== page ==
With its kings overthrown, Revelation 20 proclaims the captivity of the dragon:
…an angel…holding in his hand a great chain…bound [the dragon] for a thousand years. He threw him into the Abyss, and locked and sealed it over him, to keep him from deceiving the nations.
[NIV Rev. 20:1-3]
Where the dragon had been a great void will be left, into which those that had proven themselves perfect in Christ will pour the love of the Most High. These are those
Who had been beheaded because of their testimony for Jesus… They had not worshiped the beast or his image.
[NIV Rev. 20:4]
In college, I used to enjoy Cat Stevens, but hadn’t listened to his albums for a long time until 2008. In the first decade of this century, I watched California’s sage brush and oak forests dry and burn and blow away. But when I played “Morning has Broken” on my car stereo, I had a powerful vision of the plain before the Sierra foothills, scoured by flood and scourged by wind. Then, as Stevens sang:
Sprung in completeness where his feet pass.
I saw a pair of feet standing on the barren soil. As they strode forward, sweet water flooded the land, and grasslands and forest sprang up behind them.
This is how I envision the thousand years of the first resurrection described in Revelation 20, verses 4 to 7. Humanity fulfills the charge of Eden and restores the world ruined in Revelation 16. When that work is accomplished, when every rock and shrub is known and cherished, the dragon will be released to awaken hostilities among the spirits that once worshiped him. But he will be rejected – the world will choose love, calling upon the power of the Most High:
But fire came down from heaven and devoured [the dragon’s servants].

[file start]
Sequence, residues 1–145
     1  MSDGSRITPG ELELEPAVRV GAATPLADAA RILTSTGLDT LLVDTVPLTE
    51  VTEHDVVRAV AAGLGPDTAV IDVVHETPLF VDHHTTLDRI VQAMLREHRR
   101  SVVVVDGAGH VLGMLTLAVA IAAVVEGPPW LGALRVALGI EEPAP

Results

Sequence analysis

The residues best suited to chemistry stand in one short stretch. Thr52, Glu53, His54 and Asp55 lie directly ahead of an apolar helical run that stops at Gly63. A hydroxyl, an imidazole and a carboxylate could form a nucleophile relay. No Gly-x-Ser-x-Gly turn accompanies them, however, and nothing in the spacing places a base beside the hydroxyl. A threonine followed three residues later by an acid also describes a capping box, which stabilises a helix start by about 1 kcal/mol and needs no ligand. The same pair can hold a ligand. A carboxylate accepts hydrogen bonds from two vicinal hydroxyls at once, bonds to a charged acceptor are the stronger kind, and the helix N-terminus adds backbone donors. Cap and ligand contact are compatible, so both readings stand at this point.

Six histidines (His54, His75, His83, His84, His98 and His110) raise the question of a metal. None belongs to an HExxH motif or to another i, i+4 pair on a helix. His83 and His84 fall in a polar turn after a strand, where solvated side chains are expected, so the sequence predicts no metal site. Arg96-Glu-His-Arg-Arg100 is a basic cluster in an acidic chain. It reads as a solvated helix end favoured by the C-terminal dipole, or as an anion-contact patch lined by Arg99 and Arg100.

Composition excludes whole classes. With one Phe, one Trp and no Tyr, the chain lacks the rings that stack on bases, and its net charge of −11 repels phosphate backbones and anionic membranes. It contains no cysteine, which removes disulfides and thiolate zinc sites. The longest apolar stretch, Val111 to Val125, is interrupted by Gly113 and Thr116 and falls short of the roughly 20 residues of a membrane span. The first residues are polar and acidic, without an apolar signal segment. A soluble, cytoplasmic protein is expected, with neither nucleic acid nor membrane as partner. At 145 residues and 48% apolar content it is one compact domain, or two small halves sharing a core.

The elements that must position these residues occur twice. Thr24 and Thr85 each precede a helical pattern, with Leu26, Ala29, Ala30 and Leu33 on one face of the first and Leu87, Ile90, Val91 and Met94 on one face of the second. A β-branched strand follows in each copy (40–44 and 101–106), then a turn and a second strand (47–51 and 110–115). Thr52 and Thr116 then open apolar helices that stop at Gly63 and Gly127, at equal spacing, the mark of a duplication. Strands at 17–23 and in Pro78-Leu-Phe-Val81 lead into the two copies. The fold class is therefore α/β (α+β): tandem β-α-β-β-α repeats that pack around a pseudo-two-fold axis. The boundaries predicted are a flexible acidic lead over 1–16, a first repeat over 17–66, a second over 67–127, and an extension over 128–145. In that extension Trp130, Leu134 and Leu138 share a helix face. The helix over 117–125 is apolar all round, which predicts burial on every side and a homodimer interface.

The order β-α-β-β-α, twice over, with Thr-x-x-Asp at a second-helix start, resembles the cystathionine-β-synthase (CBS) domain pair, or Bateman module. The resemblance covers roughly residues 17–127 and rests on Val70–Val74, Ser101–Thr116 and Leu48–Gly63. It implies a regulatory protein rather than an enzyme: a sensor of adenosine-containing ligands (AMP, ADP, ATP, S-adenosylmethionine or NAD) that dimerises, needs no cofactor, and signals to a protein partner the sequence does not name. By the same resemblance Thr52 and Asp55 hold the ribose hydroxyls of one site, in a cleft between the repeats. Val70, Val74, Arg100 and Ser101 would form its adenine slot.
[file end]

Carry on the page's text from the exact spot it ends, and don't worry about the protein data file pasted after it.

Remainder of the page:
[NIV Rev. 20:9]
Guided by Christ’s friends, this will be not firebombing, but a precision strike. The dragon will be torn to pieces, and whenever he tries to work his evil, he will be expelled by the power of the love that unites us.
And the devil…was thrown into the lake of burning sulfur, where the beast and the false prophet had been thrown. They will be tormented day and night for ever and ever.
[NIV Rev. 20:10]
Revelation 20 closes with the human experience of the winepress described in Chapter 14. All spirits held captive by the sea, death or Hades are released, and death itself collapses under the pressure of our united love.
Then death and Hades were thrown into the lake of fire.
[NIV Rev. 20:14]
Here is the harshest of the pronouncements in Revelation:
If anyone’s name was not found written in the book of life, he was thrown into the lake of fire.
[NIV Rev. 20:15]
To understand this, try to see yourself as Christ sees you. You are a mixture – part virtue and part corruption. In the moment of your conversion to faith, your virtue declares its freedom from corruption. In that moment, Christ enters in as an anchor. You are still in the world, and will be tempted by sin. But Christ knows your virtue, in whatever amount you possess it. When his heart embraces you in the Second Coming, sin will flee while virtue enters heaven.
One way to imagine it is as though a body is a territory upon which a nation is built. Each part – fingers, hair, eyes, skin – is occupied by impulses that express love or selfishness. In the winepress of Jesus’s heart, the selfish parts are expelled, and only virtue remains. But, just as a nation remains when criminals are expelled, so will you in all your virtue. It is only your corruption that has cause to fear Christ’s return.
Let’s summarize today’s study.
We talked about Russia, and how difficult it has been to bring true freedom to its people. Thus it is with the Most High and his struggle against selfishness. Only after three billion years on Earth was it possible for selfishness to be expelled from heaven, freeing two-thirds of the angels. Now the dragon rules the earth, but greatly weakened. According to the accounting of the Bible, humanity has been empowered to overthrow him in a few thousand years.
Still, we have yet to subdue our fascination with violence, sex and privilege. When enough of us heed the teachings of Jesus, love will return to the world – not just in a garden for two, but everywhere. The dragon will be silenced while those most pure in their service to love will restore the wounded world, binding love to every rock, plant and creature.
Then the dragon will be set loose. It will try to restore its kingdoms, but the pure light of love will pierce the veil of death. Our better selves will be freed, and all corruption forced forever from the world.
One thought on “Recidivism”